What Would You Do?
At this time, testing was suspended. Questions arose about the possibility of Lyme disease causing a sudden onset neural hearing loss, an undiagnosed auditory neuropathy spectrum disorder exacerbated by Lyme disease, or a case of pseudohypacusis. After audiologist reflection and a discussion with the parent, it was decided to continue testing.
- Middle-ear muscle reflex (MEMR) testing was completed and revealed absent ipsilateral and contralateral acoustic reflexes at 110 dB HL for 1000 and 2000 Hz stimuli.
- Natural-sleep auditory brainstem response (ABR) testing was attempted. No repeatable waveforms were identified using a 2000 Hz tone burst or a click stimulus. Waveform morphology was poor. The patient was not asleep for testing and although she was calm, artifact secondary to her wakefulness was present, preventing the majority of waveforms from being interpreted accurately.
What Does that Add to the Diagnostic Picture?
Although the natural-sleep ABR testing did not provide additional information regarding the patient’s hearing sensitivity, the absence of identifiable waves at high intensities (90 dB nHL), as well as absent MEMRs suggested abnormal auditory function.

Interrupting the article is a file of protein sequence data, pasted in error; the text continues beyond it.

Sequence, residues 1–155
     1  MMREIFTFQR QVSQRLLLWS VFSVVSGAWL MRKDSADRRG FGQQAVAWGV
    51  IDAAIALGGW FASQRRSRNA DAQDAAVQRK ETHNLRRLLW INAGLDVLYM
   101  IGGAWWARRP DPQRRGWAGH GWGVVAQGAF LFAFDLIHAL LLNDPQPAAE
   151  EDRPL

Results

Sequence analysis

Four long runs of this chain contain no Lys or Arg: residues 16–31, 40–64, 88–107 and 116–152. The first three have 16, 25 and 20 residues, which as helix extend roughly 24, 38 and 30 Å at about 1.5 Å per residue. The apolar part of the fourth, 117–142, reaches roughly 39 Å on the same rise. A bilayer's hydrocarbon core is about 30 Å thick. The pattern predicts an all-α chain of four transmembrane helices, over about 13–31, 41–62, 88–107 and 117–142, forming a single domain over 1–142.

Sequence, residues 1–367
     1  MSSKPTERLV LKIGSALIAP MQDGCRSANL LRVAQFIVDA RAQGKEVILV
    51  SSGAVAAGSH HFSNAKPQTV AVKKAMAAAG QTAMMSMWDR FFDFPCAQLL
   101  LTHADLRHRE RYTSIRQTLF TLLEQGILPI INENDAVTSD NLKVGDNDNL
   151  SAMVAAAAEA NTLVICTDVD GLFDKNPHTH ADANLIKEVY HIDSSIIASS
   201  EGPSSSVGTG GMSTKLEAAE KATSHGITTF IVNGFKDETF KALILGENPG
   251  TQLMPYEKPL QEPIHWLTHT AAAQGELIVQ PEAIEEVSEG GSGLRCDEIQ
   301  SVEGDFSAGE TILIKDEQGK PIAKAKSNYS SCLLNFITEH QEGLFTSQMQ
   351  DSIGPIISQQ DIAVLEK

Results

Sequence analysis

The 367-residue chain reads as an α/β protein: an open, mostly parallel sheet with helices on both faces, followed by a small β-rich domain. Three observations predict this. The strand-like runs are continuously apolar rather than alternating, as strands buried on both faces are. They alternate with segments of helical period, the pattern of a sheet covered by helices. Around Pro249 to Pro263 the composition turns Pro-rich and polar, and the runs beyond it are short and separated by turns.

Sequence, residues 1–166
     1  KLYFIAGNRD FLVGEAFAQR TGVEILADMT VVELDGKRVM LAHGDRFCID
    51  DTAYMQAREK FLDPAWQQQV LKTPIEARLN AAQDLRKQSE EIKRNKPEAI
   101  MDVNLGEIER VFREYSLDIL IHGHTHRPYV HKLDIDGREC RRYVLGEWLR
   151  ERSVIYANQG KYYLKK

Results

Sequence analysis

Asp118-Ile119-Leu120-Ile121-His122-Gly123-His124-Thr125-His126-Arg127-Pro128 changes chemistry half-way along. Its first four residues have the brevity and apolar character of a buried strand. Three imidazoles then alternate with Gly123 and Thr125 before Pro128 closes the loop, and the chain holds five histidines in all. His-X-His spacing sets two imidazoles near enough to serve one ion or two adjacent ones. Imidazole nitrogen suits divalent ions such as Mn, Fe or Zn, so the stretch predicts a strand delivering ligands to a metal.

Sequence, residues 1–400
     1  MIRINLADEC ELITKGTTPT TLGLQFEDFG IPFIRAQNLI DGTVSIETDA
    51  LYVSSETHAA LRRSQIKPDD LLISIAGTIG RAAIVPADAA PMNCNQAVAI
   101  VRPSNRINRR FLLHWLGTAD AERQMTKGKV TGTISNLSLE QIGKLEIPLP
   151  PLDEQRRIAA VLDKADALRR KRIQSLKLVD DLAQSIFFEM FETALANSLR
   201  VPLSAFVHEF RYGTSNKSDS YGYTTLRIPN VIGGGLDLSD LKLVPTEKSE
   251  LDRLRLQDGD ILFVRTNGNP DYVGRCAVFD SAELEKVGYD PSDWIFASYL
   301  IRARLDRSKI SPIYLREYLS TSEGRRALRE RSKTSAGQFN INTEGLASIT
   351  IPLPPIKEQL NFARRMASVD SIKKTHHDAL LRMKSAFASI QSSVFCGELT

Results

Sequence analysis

Course of Care
Atypical audiological (behavioral and physiological) as well as reported sudden onset hearing loss prompted an immediate evaluation with an otolaryngologist. This otolaryngologist recommended a consult to neurology and ordered an expedited magnetic resonance image (MRI) of the brain and internal auditory canals. The MRI was completed later that same day and revealed a lesion in the nasal cavity, thickening of multiple cranial nerves including the optic and vestibulo cochlear nerves, and increased cranial pressure. An MRI of the spine and pelvis completed the next day revealed additional abnormalities including masses and tumor infiltration concerning for lymphoma or leukemia.
The patient was admitted to an inpatient unit where a plan for chemotherapy and radiation was initiated immediately to treat her diagnosis of B cell lymphoblastic lymphoma. Upon admission, her functional hearing ability decreased and she was unable to communicate. Her vision also became blurry and she began to have seizures.
Approximately three weeks after the oncology treatment plan was initiated, both the patient and her parents reported a significant improvement in hearing.
Follow-up Audiological Testing
MEMRs were retested and were present ipsilaterally at 85 dB HL for 1000 Hz stimuli in both ears. The patient was able to complete reliable behavioral audiological testing. Results were consistent with a mild sensorineural hearing loss in the right ear and a moderately severe rising sensorineural hearing loss in the left ear (FIGURE 1).